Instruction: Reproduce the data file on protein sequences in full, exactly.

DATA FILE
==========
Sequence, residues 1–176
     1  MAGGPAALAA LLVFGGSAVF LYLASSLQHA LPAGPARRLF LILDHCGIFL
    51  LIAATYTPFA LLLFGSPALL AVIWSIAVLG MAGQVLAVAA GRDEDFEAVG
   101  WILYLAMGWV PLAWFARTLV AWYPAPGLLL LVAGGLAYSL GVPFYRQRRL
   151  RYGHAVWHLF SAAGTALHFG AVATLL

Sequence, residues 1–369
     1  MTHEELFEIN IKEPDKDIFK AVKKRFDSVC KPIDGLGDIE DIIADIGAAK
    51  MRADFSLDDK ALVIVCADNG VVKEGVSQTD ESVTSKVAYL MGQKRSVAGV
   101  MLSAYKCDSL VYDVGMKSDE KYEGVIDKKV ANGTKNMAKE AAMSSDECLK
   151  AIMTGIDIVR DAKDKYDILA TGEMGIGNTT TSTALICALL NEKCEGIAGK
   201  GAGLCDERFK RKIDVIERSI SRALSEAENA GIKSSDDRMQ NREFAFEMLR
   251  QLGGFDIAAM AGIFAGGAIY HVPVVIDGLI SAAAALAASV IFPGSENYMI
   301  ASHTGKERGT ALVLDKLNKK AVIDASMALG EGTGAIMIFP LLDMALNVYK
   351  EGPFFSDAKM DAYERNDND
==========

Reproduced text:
Sequence, residues 1–176
     1  MAGGPAALAA LLVFGGSAVF LYLASSLQHA LPAGPARRLF LILDHCGIFL
    51  LIAATYTPFA LLLFGSPALL AVIWSIAVLG MAGQVLAVAA GRDEDFEAVG
   101  WILYLAMGWV PLAWFARTLV AWYPAPGLLL LVAGGLAYSL GVPFYRQRRL
   151  RYGHAVWHLF SAAGTALHFG AVATLL

Sequence, residues 1–369
     1  MTHEELFEIN IKEPDKDIFK AVKKRFDSVC KPIDGLGDIE DIIADIGAAK
    51  MRADFSLDDK ALVIVCADNG VVKEGVSQTD ESVTSKVAYL MGQKRSVAGV
   101  MLSAYKCDSL VYDVGMKSDE KYEGVIDKKV ANGTKNMAKE AAMSSDECLK
   151  AIMTGIDIVR DAKDKYDILA TGEMGIGNTT TSTALICALL NEKCEGIAGK
   201  GAGLCDERFK RKIDVIERSI SRALSEAENA GIKSSDDRMQ NREFAFEMLR
   251  QLGGFDIAAM AGIFAGGAIY HVPVVIDGLI SAAAALAASV IFPGSENYMI
   301  ASHTGKERGT ALVLDKLNKK AVIDASMALG EGTGAIMIFP LLDMALNVYK
   351  EGPFFSDAKM DAYERNDND